painting sunday afternoon on the island of la grande jatte
Georges Seurat, Study for “A Sunday Afternoon on the Island of La Grande Jatte,” 1884 (Photo: Wikimedia Commons Public Domain)
While the styles explored by Post-Impressionist artists are diverse, most featured flatness, formality, and exaggerated color in their work—characteristics that are evident in A Sunday Afternoon on the Island of La Grande Jatte.
Seurat painted A Sunday Afternoon between May 1884 and March 1885, and from October 1885 to May 1886,  focusing meticulously on the landscape of the park. He reworked the original and completed numerous preliminary drawings and oil sketches. He sat in the park, creating numerous sketches of the various figures in order to perfect their form. He concentrated on issues of colour, light, and form. The painting is approximately 2 by 3 meters (7 by 10 feet) in size.
The May 1976 issue of Playboy magazine featured Nancy Cameron—Playmate of the Month in January 1974—on its cover, superimposed on the painting in similar style. The often hidden bunny logo was disguised as one of the millions of dots. 
The Art Institute of Chicago, A Century of Progress Exhibition of Paintings and Sculpture, June 1–November 1, 1934, cat. 324.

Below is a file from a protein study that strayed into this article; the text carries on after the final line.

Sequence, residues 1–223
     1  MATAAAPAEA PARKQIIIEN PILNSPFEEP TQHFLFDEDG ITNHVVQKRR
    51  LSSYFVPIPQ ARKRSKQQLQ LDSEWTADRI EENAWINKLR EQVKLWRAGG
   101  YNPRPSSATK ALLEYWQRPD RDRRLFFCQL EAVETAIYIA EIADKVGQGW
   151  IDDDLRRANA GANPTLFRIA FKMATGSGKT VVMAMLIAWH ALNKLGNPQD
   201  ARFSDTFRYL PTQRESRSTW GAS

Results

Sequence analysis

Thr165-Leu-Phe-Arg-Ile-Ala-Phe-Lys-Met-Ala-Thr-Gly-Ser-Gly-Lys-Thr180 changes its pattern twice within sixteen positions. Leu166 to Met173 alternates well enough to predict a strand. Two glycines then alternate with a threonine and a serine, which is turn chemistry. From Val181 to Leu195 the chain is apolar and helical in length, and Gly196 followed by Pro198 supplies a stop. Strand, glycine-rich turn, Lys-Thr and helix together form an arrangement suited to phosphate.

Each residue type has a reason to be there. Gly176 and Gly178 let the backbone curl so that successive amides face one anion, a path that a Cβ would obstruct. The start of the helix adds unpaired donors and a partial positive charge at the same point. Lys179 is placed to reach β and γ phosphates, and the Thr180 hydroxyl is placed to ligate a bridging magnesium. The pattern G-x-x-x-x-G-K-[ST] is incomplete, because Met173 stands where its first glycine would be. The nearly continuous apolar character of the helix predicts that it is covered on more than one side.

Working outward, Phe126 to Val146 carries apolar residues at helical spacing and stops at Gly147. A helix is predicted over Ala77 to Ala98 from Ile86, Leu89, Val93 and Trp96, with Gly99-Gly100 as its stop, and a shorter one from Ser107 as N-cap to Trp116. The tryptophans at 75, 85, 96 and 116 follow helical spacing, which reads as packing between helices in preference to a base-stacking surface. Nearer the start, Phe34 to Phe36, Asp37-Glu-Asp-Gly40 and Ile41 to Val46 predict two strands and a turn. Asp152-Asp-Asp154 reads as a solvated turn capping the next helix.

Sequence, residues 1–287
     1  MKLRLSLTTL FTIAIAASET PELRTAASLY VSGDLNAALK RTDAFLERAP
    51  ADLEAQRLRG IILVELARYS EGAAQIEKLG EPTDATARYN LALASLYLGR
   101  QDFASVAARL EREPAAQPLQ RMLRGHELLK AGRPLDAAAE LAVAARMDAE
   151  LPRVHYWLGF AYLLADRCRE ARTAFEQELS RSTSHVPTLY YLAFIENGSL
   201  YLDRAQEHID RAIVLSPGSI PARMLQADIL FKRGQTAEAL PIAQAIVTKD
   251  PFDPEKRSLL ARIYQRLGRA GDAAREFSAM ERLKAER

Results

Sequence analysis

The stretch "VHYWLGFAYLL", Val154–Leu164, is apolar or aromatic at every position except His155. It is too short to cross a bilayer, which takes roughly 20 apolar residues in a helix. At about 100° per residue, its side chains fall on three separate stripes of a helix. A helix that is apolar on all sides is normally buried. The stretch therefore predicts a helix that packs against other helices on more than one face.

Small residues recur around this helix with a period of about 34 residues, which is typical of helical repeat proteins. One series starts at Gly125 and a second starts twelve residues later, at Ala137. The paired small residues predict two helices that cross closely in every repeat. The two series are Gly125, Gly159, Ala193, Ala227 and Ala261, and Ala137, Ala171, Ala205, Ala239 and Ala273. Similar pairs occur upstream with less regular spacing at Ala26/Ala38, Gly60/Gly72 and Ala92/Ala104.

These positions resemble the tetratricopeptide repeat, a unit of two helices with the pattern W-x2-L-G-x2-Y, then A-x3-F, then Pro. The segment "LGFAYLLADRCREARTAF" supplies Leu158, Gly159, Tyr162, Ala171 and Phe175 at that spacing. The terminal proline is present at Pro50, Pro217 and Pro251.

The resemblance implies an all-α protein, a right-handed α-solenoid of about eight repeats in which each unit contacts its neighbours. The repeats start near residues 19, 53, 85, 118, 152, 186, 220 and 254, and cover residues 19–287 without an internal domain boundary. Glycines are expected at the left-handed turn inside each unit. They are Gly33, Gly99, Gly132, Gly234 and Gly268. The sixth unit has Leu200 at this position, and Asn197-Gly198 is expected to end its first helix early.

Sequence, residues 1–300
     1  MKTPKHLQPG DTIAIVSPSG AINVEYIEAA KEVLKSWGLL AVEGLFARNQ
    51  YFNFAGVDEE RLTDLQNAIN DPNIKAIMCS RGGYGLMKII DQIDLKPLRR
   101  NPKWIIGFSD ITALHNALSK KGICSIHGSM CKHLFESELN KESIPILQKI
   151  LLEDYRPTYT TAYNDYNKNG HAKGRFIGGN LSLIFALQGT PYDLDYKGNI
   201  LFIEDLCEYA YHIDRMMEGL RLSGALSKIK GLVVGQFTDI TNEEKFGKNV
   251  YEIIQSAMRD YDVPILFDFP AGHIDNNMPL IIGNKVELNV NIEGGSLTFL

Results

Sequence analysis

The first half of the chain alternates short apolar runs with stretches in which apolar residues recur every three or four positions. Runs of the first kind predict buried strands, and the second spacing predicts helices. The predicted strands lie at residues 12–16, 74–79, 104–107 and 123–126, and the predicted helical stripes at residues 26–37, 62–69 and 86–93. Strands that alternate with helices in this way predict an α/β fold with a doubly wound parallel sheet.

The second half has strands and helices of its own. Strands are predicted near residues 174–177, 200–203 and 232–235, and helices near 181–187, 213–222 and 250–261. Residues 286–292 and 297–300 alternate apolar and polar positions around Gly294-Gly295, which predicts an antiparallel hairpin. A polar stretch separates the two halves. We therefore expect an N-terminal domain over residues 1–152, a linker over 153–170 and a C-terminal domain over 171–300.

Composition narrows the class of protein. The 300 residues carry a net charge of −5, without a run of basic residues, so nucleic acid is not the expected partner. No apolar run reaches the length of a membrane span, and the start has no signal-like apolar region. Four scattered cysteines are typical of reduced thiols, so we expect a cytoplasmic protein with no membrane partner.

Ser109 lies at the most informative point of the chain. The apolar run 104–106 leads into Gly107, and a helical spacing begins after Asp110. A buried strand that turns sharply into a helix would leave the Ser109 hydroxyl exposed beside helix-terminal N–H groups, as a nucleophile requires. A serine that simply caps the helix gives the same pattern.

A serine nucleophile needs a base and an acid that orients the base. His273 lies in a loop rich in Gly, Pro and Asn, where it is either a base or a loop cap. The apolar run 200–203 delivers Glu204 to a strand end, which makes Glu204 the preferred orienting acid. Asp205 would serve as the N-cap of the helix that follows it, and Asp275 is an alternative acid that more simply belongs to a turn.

Minneapolis Institute of Arts, Exhibition of Modern French Paintings from the Birch-Bartlett Collection, April–September, 1925, checklist no. 9.
Just like a lot of Neo-Impressionist works back then, A Sunday Afternoon On The Island Of La Grande Jatte was met with a lot of harsh criticism from the traditional, more Salon-oriented audiences. Many reputable contemporary art critics found Seurat’s figures to be less a nod to earlier art styles than a commentary on the modern Parisian society. They also had a problem with the rigid state of the portrayed people and many criticized it for being too mathematical.
At first glance, the viewer sees many different people relaxing in a park by the river and nothing appears out of the ordinary. On the right, a fashionable couple is on a stroll. On the left, another well-dressed woman extends her fishing pole over the water. There is a small man with a black hat looking at the river, a white dog with a brown head, a man playing a horn, two soldiers standing at attention, a couple admiring their infant child, etc.
Despite the island of La Grande Jatte looking a great deal different to how it once did, Seurat’s effort is perhaps the most similar to how it looks today. The banks of the river Seine are considerably steeper than in Seurat’s day but one spot is convincingly similar to his Grande Jatte.
Grammaire was a version of such treatises in terms that were easier for artists to understand and upon reading it, it was said to have had a notable influence on Seurat and his work on Grand Jatte. Blanc’s work was said to make reference to styles and techniques, which could have and eventually did have a direct application for Grande Jatte.